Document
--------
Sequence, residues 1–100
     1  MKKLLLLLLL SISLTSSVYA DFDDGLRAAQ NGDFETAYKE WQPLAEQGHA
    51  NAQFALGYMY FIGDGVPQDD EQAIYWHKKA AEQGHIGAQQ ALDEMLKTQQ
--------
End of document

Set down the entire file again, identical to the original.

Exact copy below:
Sequence, residues 1–100
     1  MKKLLLLLLL SISLTSSVYA DFDDGLRAAQ NGDFETAYKE WQPLAEQGHA
    51  NAQFALGYMY FIGDGVPQDD EQAIYWHKKA AEQGHIGAQQ ALDEMLKTQQ